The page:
Jeff Bridgman Antique Flags
Sold Flags


Available: Sold
Frame Size (H x L): 36" x 31.25"
Flag Size (H x L): 26" x 21.5"
During WWII (U.S. involvement 1941-45), the practice of displaying son-in-service banners was in full swing. These typically had a blue star set within a rectangular white field, with a red border around the perimeter. The use of such banners emerged during WWI and between the two World Wars, the basic shape and style of window banners was employed for other purposes, such as political campaigning. Many notable versions were made, for example, featuring portraits and slogans for Franklin Delano Roosevelt and his opponents. When America entered WWII, other styles were made that displayed a variety of patriotic images and slogans. “God Bless America” is one of the more common styles, for example. Others marry such verbiage with service banners, incorporating the blue star with slogans like “In the Service for Victory.” Rarer styles feature popular figures, such as General McArthur or Uncle Sam, with accompanying patriotic text. Most were less than a foot tall, with a wooden dowel inserted in an open sleeve and a twisted gold rope with tassels formed from knotting and intentionally fraying each end. Larger versions are scarce and the larger they get the more unusual they are.

Among the rarest styles are versions that say “Remember Pearl Harbor.” Most of the Pearl Harbor varieties are small and most are graphically unattractive. A number feature colors that are not red, white and blue, which detracts from their appeal to a wide audience of patriotic collectors. Some of the latter may have been made post-war as souvenirs, not unlike the felt pennants that were so popularly collected during this period (as well as both before and after).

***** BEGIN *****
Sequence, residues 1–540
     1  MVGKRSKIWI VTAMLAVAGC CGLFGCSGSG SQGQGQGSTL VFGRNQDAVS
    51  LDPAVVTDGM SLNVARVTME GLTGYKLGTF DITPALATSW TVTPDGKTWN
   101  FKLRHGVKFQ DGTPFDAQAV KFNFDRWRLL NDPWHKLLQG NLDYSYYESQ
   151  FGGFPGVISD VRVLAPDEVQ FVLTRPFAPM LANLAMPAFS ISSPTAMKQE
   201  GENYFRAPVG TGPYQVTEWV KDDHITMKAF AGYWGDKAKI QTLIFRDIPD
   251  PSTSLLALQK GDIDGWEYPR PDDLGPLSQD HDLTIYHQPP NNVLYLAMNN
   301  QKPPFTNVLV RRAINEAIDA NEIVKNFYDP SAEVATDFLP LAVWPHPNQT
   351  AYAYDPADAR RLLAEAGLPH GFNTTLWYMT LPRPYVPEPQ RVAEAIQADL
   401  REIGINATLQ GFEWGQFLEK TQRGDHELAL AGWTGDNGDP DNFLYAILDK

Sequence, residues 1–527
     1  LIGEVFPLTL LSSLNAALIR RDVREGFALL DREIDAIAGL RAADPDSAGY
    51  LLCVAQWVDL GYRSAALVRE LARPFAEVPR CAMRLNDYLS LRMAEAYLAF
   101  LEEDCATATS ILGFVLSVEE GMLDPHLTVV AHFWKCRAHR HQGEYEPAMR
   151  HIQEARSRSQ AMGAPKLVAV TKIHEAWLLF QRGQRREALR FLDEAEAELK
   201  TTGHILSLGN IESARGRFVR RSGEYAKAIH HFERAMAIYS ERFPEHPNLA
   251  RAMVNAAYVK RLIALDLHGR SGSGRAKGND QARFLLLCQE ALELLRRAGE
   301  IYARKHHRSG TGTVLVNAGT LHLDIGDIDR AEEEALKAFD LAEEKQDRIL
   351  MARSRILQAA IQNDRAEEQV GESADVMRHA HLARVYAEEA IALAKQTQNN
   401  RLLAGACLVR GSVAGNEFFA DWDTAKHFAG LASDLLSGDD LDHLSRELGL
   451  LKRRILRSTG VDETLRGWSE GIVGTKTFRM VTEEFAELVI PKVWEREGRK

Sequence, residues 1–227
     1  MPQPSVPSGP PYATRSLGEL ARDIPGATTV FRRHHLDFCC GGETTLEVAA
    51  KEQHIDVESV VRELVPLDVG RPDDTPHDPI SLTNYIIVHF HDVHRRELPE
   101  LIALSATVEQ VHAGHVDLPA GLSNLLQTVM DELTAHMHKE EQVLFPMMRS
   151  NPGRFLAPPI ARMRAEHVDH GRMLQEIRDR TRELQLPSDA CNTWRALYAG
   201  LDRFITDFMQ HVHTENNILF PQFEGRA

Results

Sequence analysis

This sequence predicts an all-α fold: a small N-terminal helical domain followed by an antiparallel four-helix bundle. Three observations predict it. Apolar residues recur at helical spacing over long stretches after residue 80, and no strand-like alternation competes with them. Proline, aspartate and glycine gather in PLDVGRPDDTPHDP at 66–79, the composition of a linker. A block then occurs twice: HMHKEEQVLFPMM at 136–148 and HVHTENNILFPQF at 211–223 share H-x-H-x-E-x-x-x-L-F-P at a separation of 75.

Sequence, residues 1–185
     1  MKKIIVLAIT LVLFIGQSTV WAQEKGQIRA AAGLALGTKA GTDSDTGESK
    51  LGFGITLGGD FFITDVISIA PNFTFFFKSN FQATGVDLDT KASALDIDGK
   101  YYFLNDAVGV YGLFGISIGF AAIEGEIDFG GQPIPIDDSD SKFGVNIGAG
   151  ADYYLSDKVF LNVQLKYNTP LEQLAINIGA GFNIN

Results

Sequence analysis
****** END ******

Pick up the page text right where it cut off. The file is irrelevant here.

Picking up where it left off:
Graphically speaking, this is one of the most outstanding banners that one will ever encounter. Despite years of examining them, I have never seen its equal. Along the top register is a row of white stars on a blue background. Set behind an arching streamer that reads “Remember Pearl Harbor” across the center, the primary image features a huge “V” for “Victory.” From the vortex of the letter emerges a stern Uncle Sam, with sleeves rolled up on outstretched arms, firmly gripping a hammer of industry and a rifle for all to see.

Slogans such as “Keep ‘Em Rolling” and “Keep ‘Em Flying” are extraordinarily rare--seldom ever encountered on flags or banners of any kind. Both quite remarkably appear on this one banner. In the lower left is the former text, above the roof of a factory, with steam pouring forth. To the right is the latter phrase, amidst a tank, a destroyer, and a bomber. As if that were not enough, at 19 x 24 inches, this is also one of the largest banners of this sort that exists.

With all the bells and whistles, so-to-speak, I can confidently state that this is the best WWII banner of its kind that I have ever seen, and without doubt, the best Pearl Harbor example among them.

Mounting: The banner has been hand-stitched to 100% hemp fabric. The mount was then placed in a hand-gilded and distressed Italian molding with a wide ogee profile and a hand-gilded and distressed inner lip. A shadowbox was created to enhance the display. The glazing is U.V. protective acrylic.

Condition: There is moderate age toning throughout and there is minor to moderate soiling. There is a tiny hole adjacent to the V to the lower right. The textile was professionally cleaned. Many of my clients prefer early flag to show their age and history of use.
Collector Level: Flags for the truest Patriots. My best offerings
Flag Type:
Star Count:
Earliest Date of Origin: 1941
Latest Date of Origin: 1945
State/Affiliation: Hawaii
War Association: WW 2
Price: SOLD
E-mail: Inquire

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